XRS has an earnings yield of 2.1%, lower than 85% of other companies in its industry. The stock is priced at 48 times earnings, and shares are also selling at a high multiple of sales. It takes $7.05 in shares to control a dollar in sales.
Institutions own 71% of shares.
XRS on average trades 342,000 shares a day, sufficient to support a small selection of option strike prices spaced $2.50 apart.
Open interest is in double digits near the money and so the contracts are far too illiquid for my preferences. The front-month at-the-money bid/ask spread on calls is wide, at 17.5%. Any position I open in XRS will be structured as long shares.
Implied volatility stands at 41% and has been falling since Dec. 24 following a rise from 36% on Dec. 12. Volatility is at the 53rd percentile, a further argument in favor of shares rather than options spreads.
Options are pricing in confidence that 68.2% of trades will fall between $19.42 and $24.66 over the next month, for a potential gain or loss of 11.9%, and between $20.78 and $23.30 over the next week.
Contracts are trading actively today with a bias toward puts, which are running 158% above their five-day average volume. Calls are running at 120% above average.
XRS next publishes earings on Jan. 20.
Decision for my account: I intend to open a bull position in XRS if it shows upside momentum during the last half hour of trading. I'll structure the position as long shares.
I'm willing to trade XRS now, despite my aversion to trades during the holiday season, because it is a Chinese company. Presumably, more people are trading it who don't take off for Christmas.
If momentum falters, then I'll add XRS to my Watchlist for further consideration.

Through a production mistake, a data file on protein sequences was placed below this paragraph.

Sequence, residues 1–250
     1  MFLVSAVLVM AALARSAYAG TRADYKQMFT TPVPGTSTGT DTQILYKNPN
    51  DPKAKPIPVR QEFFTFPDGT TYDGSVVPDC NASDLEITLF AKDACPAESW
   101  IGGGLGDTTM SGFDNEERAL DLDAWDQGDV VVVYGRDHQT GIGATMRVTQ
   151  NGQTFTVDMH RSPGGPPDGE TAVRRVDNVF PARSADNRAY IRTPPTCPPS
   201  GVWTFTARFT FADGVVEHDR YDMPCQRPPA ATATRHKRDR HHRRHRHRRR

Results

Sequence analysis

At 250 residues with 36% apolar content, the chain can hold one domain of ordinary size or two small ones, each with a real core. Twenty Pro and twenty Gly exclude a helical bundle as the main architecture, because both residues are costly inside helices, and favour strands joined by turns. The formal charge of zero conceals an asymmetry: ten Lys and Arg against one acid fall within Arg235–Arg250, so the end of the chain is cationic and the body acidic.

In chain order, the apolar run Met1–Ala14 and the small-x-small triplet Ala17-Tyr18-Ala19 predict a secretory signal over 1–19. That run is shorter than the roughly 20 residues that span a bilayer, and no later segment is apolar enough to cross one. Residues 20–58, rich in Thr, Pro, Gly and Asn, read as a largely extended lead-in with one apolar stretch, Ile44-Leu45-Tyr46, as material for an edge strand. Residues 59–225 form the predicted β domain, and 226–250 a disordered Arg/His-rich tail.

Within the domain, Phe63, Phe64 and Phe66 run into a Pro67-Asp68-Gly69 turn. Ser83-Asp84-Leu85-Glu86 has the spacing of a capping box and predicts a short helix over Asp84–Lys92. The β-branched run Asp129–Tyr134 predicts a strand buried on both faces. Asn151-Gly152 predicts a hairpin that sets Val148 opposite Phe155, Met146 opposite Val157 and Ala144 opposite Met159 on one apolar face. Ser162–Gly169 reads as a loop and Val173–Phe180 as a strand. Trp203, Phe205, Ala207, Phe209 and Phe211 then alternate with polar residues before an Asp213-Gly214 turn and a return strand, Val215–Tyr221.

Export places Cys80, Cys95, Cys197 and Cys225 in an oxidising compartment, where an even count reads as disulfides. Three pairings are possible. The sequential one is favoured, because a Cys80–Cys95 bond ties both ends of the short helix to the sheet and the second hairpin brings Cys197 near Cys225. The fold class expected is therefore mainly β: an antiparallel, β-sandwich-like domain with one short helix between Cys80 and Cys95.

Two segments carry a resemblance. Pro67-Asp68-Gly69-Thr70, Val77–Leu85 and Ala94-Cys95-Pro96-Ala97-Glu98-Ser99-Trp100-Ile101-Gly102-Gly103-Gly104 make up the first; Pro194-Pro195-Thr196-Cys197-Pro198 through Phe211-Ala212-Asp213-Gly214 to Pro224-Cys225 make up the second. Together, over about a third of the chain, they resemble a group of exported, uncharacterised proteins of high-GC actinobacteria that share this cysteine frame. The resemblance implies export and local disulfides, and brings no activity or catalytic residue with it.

My shorter-term trading rules can be read here. And the classic Turtle Trading rules on which my rules are based can be read here.
I use the number 68.2% in using applied volatility to calculate the expected trading range. This comes from statistics and refers to the one standard deviation boundaries, which are expected to contain 68.2% of whatever is being studied. Putting it another way, given an item (a trade or whatever), there is a 68.2% chance that it will appear within those boundaries.
Elliott wave analysis tracks patterns in price movements. The principal practitioner of Elliott wave analysis is Robert Prechter at Elliott Wave International. His book, Elliott Wave Principle, is a must-read for people interested in this form of analysis, as is his most recent publication, Visual Guide to Elliott Wave Trading.
Several web sites summarize Elliott wave theory, among them, Investopedia, StockCharts and Wikipedia.
See my post "Chart Analysis: Nomenclature" for an explanation of my method for labeling waves on the chart.
By preference I place my trades in the last half hour before the closing bell in New York. See my essay "When is the best time to trade" for a discussion of the practice.
Tim Bovee, Private Trader tracks the analysis and trades of a private trader for his own accounts. Nothing in this blog constitutes a recommendation to buy or sell stocks, options or any other financial instrument. The only purpose of this blog is to provide education and entertainment.
No trader is ever 100 percent successful in his or her trades. Trading in the stock and option markets is risky and uncertain. Each trader must make trading decision decisions for his or her own account, and take responsibility for the consequences.